Malvern Instruments and MicroCal have jointly announced that an excellent turn out, an informative programme and a novel venue ensured the success of the recent Protein Characterization seminar at Diamond Light Source Ltd.
A free, one-day event designed to promote a high level of scientific interface, the seminar explored the complementary techniques of light scattering, circular dichroism and ultrasensitive calorimetry applied to protein characterization.
The seminar was fully booked with attendees split approximately 50/50 between academia and commercial companies, with many having travelled quite some distance to take part.
Dr Rohanah Hussain, event organiser and Beamline Scientist from Diamond Light Source Ltd, was pleased that the meeting went smoothly as commented by many delegates.
According to Dr Tim Flanagan, Vice President of MicroCal Europe, "We had good feedback; people not only found the day informative and helpful, but also very enjoyable."
Dr Glyn Williams, Director of Biophysics at Astex Therapeutics in Cambridge, attended the seminar and was impressed with the practical nature of the information. "The advice was aimed at people who are working with real instruments," he said.
"As a biophysicist, I feel that the power of biophysics lies in combining different techniques, and this was one of the few forums at which it has been possible to hear about more than one technology in depth, with presentations covering light scattering, calorimetry and SRCD."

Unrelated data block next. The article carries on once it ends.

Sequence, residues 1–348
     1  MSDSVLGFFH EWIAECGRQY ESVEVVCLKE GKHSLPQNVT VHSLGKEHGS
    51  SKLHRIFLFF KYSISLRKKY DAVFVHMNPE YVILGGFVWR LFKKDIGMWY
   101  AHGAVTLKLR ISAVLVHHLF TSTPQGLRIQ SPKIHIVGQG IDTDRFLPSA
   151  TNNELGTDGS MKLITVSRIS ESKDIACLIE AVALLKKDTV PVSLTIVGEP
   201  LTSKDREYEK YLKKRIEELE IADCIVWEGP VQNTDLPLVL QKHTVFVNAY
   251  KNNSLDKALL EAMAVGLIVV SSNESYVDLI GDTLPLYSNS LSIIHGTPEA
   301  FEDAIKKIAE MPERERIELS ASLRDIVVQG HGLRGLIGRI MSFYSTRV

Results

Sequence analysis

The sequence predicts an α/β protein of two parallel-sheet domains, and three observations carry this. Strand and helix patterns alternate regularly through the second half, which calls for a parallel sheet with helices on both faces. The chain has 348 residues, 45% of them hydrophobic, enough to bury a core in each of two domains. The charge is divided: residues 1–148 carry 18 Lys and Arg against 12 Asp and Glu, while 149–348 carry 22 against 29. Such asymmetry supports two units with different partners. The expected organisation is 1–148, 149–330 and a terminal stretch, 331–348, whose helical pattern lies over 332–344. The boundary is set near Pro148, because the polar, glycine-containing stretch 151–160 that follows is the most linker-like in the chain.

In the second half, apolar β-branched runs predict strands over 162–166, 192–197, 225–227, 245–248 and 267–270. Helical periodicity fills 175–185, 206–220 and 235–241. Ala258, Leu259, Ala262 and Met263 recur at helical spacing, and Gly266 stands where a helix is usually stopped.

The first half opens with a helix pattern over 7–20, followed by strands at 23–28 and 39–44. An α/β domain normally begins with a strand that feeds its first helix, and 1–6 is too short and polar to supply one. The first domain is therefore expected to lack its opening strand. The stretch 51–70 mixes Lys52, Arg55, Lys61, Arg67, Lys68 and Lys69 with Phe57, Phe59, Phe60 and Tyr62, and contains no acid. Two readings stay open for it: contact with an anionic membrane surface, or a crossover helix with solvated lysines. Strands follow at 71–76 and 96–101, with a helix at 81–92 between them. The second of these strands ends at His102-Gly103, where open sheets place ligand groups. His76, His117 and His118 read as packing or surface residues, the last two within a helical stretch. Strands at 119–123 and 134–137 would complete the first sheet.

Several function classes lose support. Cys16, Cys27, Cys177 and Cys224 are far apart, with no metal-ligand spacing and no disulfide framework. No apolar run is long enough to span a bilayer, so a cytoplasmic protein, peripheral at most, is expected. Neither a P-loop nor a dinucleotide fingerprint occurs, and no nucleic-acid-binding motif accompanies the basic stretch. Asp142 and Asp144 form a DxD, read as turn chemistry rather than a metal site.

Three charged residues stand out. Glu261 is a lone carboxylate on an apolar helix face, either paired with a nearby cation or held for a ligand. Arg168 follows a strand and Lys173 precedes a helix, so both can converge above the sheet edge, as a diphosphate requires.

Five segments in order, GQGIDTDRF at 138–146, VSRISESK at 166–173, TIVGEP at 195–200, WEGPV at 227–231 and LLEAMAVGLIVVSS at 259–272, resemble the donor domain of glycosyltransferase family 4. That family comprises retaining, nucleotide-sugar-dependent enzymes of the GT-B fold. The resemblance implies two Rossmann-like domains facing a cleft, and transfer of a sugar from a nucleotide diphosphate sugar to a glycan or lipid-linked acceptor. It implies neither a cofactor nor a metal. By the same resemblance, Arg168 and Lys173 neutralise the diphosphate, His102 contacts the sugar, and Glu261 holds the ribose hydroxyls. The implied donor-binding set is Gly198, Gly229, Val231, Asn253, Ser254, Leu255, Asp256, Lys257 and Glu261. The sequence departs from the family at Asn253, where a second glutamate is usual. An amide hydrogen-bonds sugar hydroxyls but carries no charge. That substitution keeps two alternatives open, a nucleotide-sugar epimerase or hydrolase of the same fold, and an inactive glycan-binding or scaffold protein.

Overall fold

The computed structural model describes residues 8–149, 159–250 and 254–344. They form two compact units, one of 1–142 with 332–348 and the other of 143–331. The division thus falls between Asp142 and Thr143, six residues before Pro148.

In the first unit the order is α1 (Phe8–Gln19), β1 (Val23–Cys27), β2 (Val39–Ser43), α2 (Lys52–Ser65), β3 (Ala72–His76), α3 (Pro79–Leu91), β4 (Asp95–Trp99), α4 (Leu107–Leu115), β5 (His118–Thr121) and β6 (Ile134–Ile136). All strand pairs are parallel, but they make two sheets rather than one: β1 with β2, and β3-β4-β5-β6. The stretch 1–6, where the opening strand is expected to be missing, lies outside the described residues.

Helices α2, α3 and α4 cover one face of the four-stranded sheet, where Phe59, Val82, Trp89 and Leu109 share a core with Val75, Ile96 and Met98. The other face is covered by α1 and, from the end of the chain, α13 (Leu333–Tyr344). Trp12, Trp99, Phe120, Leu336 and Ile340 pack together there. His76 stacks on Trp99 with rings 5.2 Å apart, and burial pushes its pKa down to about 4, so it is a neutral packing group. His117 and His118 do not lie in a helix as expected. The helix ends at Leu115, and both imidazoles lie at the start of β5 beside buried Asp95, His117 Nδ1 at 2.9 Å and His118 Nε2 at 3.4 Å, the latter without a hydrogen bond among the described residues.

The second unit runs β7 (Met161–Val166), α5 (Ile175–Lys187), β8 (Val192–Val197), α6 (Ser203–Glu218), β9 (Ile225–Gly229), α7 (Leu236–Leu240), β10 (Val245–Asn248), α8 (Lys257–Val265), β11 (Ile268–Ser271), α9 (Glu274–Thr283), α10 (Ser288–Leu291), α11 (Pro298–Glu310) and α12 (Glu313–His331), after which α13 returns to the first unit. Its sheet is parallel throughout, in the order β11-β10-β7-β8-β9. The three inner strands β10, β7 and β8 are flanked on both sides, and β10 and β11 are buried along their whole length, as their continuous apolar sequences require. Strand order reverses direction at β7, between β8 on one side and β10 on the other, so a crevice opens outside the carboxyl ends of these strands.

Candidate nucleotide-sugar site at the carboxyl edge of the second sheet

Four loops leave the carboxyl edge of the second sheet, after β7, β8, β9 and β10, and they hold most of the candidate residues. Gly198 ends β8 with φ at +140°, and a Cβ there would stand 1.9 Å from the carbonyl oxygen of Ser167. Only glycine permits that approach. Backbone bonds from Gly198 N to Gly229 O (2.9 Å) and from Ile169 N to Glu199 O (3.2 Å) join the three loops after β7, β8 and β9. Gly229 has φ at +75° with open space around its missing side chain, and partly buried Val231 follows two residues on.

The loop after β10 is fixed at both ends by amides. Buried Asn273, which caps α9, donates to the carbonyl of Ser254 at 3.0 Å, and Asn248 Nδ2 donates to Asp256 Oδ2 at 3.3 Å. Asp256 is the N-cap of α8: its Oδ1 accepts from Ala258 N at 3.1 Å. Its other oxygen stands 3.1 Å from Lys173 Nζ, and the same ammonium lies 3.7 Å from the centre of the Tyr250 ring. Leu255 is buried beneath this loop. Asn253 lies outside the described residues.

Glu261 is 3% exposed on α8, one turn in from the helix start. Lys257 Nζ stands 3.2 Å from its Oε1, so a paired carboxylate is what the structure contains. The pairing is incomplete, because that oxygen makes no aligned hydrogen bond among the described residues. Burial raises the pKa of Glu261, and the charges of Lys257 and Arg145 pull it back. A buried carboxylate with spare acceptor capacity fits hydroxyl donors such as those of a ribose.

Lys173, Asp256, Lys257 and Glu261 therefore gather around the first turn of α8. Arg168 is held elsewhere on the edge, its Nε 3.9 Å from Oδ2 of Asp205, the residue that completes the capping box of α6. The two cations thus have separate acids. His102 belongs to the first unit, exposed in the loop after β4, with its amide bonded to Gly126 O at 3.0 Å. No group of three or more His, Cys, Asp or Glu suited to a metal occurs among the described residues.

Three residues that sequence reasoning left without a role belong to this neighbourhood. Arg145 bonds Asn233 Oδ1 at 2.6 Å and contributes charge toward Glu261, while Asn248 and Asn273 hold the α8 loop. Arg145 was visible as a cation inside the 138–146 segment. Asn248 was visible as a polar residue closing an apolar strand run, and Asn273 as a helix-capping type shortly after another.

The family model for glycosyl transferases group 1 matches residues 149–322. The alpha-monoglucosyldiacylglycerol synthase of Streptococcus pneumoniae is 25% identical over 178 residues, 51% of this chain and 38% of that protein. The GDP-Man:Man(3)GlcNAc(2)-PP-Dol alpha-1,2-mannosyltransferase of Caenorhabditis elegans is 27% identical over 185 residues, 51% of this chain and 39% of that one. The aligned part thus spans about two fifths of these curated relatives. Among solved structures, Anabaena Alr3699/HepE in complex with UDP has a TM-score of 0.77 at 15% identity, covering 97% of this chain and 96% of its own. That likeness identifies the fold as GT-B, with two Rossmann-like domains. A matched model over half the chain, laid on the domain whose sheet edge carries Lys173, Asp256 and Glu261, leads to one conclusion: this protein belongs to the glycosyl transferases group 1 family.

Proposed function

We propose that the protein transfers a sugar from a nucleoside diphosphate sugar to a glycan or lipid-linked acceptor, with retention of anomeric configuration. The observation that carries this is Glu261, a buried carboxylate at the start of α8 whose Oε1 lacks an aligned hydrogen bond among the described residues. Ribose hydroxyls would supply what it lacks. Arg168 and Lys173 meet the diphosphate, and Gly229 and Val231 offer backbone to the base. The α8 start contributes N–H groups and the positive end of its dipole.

"The presentations were open and honest, talking about both the strengths and the limitations of the methods, and the seminar provided the opportunity for high quality discussions with other delegates who had a variety of different interests and experiences."
Positive feedback was also reported by Dr Ulf Nobbmann, from Malvern Instruments, who gave presentations on the use of light scattering techniques for protein characterization. He paid tribute to the excellence of the venue.
Dr Ronan O’Brien from MicroCal, also a speaker, commented on how encouraging it was to see instrument manufacturers and bench scientists working together in such a productive manner.